PULLMAN, Wash. — Often, instead of becoming partners, women in accounting firms seem to be sidelined in less prestigious and less powerful leadership positions, a study finds.
Looking at public audits from the seven largest firms, including Deloitte and KPMG, researchers found that directors signing audit reports for nonprofit entities were twice as likely to be women as men, despite the fact that there were fewer female directors.
The analysis of this data, which is accessible because the clients of the audit are public institutions such as nonprofits or universities, provides a window into advocacy practices, said Kathleen Harris, assistant professor in Accounting from Carson College of Business at Washington State University.
“Women and men are hired at these accounting firms in a very equal proportion, but at the partner level, it’s disproportionate,” said Harris, the corresponding author of the study published in the Journal. of Accounting and Public Policy. “If we want fairness in accounting, then men and women need to be at the table to make decisions.”
Partners and trustees can both conduct audits of nonprofit entities, but there are significant differences between the two groups. The partners are the main managers of their company. They buy into the business, hold the voting rights, and help strategically plan how the business moves forward. It’s a high-risk, high-reward position, Harris said. The directors, although highly qualified and paid, are non-voting employees.
Both levels of leadership lack gender equity, with women making up 32% of directors but only 18% of associates, according to self-reports by large companies in 2016. This “vertical segregation,” where men are clustered at higher than women, was also noted in earlier research in 2011 with the managerial level dubbed a “pink-collar ghetto”.
The current study shows that the division persists. Harris and her co-authors, Elizabeth Almer of Portland State University and Julia Higgs and Joe Rakestraw of Florida Atlantic University, analyzed more than 1,500 audit engagements using 2017 data from the Federal Audit Clearinghouse for the seven most large accounting firms. They found that among audit signatories, directors were more often women and partners more often men.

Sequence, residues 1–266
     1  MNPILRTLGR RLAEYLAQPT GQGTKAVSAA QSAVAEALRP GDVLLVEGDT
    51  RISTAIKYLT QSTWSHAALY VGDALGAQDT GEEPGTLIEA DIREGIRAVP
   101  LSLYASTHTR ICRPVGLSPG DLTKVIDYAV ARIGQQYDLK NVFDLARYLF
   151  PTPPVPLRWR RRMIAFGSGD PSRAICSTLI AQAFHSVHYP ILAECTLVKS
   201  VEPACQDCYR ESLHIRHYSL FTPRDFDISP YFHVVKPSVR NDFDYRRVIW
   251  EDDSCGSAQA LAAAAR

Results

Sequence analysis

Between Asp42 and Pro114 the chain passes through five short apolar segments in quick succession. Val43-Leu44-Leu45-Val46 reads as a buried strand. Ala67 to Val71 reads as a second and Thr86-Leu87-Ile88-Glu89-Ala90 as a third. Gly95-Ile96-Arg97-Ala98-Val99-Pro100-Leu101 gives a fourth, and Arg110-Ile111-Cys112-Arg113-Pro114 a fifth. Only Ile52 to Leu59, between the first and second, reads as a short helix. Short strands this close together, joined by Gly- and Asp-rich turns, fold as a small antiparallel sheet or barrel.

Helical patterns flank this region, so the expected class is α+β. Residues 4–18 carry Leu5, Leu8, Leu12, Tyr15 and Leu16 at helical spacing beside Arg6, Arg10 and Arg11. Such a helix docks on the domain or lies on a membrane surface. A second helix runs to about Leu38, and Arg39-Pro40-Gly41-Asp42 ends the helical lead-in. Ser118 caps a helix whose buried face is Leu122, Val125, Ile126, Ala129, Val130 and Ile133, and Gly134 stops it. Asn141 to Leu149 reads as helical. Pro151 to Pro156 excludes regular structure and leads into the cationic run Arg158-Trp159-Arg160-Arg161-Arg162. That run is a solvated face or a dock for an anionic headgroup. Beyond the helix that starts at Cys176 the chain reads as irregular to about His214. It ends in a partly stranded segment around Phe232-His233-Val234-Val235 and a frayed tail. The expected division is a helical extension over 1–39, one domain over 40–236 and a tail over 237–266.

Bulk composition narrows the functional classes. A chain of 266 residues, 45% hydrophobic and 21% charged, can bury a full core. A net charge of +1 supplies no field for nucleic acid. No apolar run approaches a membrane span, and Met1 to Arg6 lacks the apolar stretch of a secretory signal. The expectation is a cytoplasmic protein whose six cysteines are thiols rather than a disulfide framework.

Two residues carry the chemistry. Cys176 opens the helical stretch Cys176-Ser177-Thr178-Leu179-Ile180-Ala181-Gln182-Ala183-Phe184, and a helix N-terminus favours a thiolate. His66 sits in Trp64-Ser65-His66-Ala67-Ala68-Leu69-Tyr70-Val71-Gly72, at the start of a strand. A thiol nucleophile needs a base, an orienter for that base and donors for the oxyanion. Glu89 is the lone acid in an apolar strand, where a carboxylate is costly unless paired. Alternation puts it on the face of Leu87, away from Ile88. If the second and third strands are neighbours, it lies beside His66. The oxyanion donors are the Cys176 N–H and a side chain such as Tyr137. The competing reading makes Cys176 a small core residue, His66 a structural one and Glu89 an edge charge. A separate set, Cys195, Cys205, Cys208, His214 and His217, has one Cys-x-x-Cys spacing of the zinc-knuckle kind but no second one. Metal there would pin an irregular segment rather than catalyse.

Additionally, audit clients paid more for female partners who signed audits compared to female directors or even male partners and directors. This study couldn’t determine exactly why this was the case, but Harris said it’s possible some audit clients with diversity-increasing goals specifically ask female partners to lead their audits. , which increases the demand for a limited supply.
It is also difficult to determine the reasons for the persistent problems of gender equity in accountable leadership. Harris said it could involve unconscious bias, the lack of opportunities for women to develop necessary skills, or women themselves choosing not to take on leadership roles that require long hours away from their families.
“The first point of change is awareness,” Harris said. “Once you’ve identified a problem, the next step is to discuss opportunities for building equity in the business.”
For example, Harris suggested that companies address work-life balance for men and women rather than assuming it’s just an issue for one gender, which could help standardize. the rules of the game. Advocacy and sponsorship are also key to helping women and other underrepresented employees rise to top leadership positions, and once they grow in number, this can help improve diversity as a whole.
“You can’t really hire diversity. You have to create an environment that attracts diversity,” Harris said. “For anyone getting into accounting, if they can consider themselves successful because they can see a partner who looks like them, then it’s more interesting for them to get into that field.”